Trains, planes and automobiles: Mexico rail freight comes of age

Fri Jul 5, 2013 2:43pm EDT
 
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By Gabriel Stargardter

MEXICO CITY (Reuters) - Slowly, like the trains that crawl past towering avenues of containers here at the country's largest rail hub, Mexico's freight business has transformed into a principal artery for the top export industries of Latin America's second-largest economy.

A rail network that once shunted Mexico's mustachioed revolutionaries to battles across the country was gasping for air by the late 1990s as grinding inefficiency and rising costs forced the government into privatization.

But gradually, thanks to private investment, the North American Free Trade Agreement, a bulging wage differential with China and booming auto and manufacturing sectors, Mexico's freight sector has morphed into a top logistical thoroughfare, shuttling cars, fridge-freezers and grains across the border.

A planned government reform that seeks to allow foreign investment in the state-controlled oil sector, coupled with a federal commitment to spend over $20 billion on infrastructure this year alone, has helped raise expectations for the industry.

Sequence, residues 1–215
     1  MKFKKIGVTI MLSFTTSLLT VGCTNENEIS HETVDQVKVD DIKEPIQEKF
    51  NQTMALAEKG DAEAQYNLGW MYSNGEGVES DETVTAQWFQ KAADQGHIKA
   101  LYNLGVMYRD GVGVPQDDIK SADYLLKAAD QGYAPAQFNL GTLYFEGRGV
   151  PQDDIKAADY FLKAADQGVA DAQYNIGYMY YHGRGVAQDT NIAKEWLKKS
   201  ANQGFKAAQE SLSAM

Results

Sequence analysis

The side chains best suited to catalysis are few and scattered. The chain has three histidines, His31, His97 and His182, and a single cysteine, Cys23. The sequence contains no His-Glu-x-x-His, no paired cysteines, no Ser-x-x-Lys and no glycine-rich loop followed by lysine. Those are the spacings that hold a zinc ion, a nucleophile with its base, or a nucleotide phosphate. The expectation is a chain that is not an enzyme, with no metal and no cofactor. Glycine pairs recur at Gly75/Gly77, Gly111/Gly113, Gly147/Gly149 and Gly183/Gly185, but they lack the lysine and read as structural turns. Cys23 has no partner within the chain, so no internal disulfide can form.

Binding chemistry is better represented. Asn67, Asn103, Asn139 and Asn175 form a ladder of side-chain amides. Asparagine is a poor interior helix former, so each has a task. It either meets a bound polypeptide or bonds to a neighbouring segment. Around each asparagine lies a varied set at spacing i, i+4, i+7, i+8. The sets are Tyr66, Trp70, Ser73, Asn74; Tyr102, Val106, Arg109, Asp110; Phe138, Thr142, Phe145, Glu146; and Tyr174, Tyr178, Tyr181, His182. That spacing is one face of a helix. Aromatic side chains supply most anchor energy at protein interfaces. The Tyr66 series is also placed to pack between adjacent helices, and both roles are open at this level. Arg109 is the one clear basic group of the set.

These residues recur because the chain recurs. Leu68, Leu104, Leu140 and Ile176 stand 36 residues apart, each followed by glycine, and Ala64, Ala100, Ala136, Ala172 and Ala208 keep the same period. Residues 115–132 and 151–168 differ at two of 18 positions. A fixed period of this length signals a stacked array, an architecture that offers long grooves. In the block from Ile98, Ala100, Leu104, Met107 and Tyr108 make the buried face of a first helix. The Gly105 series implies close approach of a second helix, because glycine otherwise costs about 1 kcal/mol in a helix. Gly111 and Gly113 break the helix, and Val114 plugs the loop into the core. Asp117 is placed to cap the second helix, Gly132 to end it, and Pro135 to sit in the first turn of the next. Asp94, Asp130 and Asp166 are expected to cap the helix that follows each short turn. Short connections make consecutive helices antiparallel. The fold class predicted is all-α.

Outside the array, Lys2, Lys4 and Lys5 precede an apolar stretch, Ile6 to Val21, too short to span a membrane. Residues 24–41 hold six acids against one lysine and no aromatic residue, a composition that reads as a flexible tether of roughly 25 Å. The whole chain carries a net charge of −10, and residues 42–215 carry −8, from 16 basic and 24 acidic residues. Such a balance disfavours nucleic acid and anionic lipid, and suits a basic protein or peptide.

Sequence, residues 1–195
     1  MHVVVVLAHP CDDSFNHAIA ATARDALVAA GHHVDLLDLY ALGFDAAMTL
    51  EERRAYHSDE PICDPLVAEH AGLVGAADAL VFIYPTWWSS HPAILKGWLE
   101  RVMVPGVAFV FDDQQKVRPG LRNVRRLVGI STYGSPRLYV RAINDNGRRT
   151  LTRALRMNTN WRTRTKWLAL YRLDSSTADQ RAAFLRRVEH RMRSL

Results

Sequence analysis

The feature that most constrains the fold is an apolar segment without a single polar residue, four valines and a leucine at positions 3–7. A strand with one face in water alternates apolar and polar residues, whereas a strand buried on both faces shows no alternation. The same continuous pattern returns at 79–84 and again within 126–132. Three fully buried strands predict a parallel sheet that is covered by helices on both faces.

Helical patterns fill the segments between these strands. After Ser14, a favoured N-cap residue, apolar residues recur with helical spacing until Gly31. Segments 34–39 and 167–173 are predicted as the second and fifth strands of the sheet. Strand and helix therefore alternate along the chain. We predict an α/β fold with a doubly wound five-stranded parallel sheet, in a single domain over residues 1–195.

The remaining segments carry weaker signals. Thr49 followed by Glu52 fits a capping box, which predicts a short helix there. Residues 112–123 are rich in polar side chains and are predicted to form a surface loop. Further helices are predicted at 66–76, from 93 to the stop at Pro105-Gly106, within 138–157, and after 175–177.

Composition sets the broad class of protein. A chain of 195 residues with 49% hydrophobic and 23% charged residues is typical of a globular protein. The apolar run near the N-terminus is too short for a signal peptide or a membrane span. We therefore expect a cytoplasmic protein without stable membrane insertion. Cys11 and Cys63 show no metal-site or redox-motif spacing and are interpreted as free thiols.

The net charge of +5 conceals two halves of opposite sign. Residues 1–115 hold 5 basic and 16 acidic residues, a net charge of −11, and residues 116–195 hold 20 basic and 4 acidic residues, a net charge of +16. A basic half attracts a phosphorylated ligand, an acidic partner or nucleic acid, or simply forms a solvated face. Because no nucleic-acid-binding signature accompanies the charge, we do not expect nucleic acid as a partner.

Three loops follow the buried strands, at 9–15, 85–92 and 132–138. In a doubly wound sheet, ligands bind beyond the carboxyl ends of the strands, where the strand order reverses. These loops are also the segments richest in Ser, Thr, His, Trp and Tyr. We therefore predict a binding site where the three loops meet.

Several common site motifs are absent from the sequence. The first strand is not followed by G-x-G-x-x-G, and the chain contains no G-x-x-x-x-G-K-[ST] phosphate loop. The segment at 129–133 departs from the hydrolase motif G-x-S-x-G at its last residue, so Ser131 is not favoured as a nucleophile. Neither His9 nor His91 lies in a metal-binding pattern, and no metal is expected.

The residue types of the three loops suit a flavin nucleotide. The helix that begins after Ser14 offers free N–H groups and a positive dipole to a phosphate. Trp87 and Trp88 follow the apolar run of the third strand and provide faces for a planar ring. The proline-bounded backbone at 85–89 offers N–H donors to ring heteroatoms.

Mexican trains now haul about 14 percent of the nearly $500 billion worth of goods that cross the Mexico-U.S. border each year, up from 10 percent in 2009.

And with some saying total bilateral trade could double in the next five years, having already jumped 62 percent between 2009 and 2012, it's a trend that looks set to continue.

"We're very conscious of the boom that's coming," said Isaac Franklin, chief financial officer at Ferromex, a joint subsidiary of Mexican miner Grupo Mexico and U.S. railroad Union Pacific, and one of Mexico's three railway concession-holders.

Grupo Mexico will invest a record $536 million in its rail business this year, a 10 percent increase on the usual spending level, on infrastructure, maintenance and equipment.   Continued...

 
A crane removes a container at Ferrovalle rail yard in Mexico City June 24, 2013. Slowly, like the trains that crawl past towering avenues of containers here at the country's largest rail hub, Mexico's freight business has transformed into a principal artery for the top export industries of Latin America's second-largest economy. REUTERS/Tomas Bravo